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Sunday, April 21, 2024

Experts believe only 15 percent decarbonisation possible by 2030

Experts believe that there is not enough time remaining between now and 2030 for garment brands and their supply chain partners to put in place and then execute plans for a 50 percent reduction in emissions.

An executive vice-president of garment manufacturing group Epic, Dr Vidhura Ralapanawe presented online a white paper on decarbonisation of the apparel industry titled ‘From Catwalk to Carbon Neutral: Mobilising Funding for a Net Zero Fashion Industry’.He has said there is “absolutely no chance” that the global garment industry can meet decarbonisation targets it has set itself for 2030.

Epic Group is a leading garment manufacturing group with operations primarily in Bangladesh. Founded in 1971, it has grown to become one of the largest apparel manufacturers in the country, with a focus on producing high-quality garments for global brands.

Epic Group is known for its commitment to sustainability and ethical practices in the apparel industry. They have implemented various initiatives to reduce their environmental impact, such as investing in renewable energy, water conservation, and waste management.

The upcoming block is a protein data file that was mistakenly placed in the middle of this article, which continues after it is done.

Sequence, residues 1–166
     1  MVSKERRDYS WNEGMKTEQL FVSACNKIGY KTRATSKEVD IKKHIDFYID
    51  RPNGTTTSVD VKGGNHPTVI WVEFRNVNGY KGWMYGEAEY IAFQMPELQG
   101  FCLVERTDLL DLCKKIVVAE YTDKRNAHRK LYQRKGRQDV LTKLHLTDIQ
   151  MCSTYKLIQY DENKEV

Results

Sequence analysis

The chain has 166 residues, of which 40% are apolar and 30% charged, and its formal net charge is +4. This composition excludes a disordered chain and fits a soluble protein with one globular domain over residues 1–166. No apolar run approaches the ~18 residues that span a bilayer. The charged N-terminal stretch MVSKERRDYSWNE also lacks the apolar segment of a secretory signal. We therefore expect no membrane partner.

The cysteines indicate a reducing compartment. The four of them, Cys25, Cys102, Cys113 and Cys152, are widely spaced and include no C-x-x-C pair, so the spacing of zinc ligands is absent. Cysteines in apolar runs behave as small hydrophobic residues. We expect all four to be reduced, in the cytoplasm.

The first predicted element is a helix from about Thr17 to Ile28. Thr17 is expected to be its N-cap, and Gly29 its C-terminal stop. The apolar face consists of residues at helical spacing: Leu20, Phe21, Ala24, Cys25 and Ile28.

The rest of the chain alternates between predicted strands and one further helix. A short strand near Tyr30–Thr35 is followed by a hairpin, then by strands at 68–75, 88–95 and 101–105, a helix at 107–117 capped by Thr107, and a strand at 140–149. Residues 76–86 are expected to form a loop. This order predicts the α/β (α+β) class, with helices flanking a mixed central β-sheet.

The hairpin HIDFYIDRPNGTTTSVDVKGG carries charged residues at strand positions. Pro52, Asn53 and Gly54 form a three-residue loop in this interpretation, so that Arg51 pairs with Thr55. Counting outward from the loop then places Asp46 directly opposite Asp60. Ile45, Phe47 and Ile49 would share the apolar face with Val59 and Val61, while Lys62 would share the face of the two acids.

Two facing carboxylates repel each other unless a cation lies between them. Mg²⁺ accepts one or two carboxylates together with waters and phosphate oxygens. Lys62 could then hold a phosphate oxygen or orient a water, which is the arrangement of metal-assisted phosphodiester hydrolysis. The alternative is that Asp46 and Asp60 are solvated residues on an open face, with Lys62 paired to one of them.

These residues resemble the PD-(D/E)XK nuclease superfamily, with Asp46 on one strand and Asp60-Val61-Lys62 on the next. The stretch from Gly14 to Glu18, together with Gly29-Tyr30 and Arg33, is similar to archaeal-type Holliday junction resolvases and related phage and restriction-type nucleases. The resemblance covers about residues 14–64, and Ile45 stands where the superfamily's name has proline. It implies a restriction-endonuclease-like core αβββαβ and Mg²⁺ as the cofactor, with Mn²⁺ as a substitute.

The group is also involved in community development projects, including education, healthcare, and women’s empowerment programs. Epic Group is recognized for its innovative approach to garment manufacturing and its dedication to social and environmental responsibility.

Dr Ralapanawe said he could not see how 2030 targets of reducing emissions by 50 percent could be met. He said there is absolutely no chance with the kind of mobilisation that would be required for the industry to make that type of shift not happen on the ground. In fact he added that the industry will be lucky to get to a reduction of 15 percent by 2030.

White Paper reveals that a large amount of funding and changes to the whole business model will be necessary for the apparel sector to make progress towards decarbonisation.

It was important for companies across the apparel supply chain to remember that 2030 is only an interim target. The real target is that the industry is aiming to reach net-zero emissions by 2050.

He explained that this is why the new white paper, “We don’t want to wait until 2027 and start scratching our heads,” Dr Ralapanawe said. “Even if we don’t get to where we want to be by 2030, we need to think about what happens in 2035, what happens in 2040 and what happens in 2045. We need to work on this until we completely decarbonise the value chain.”

He argued that work that can begin now to mobilise the funding and the will to bring emissions down can still make the 2050 target achievable.

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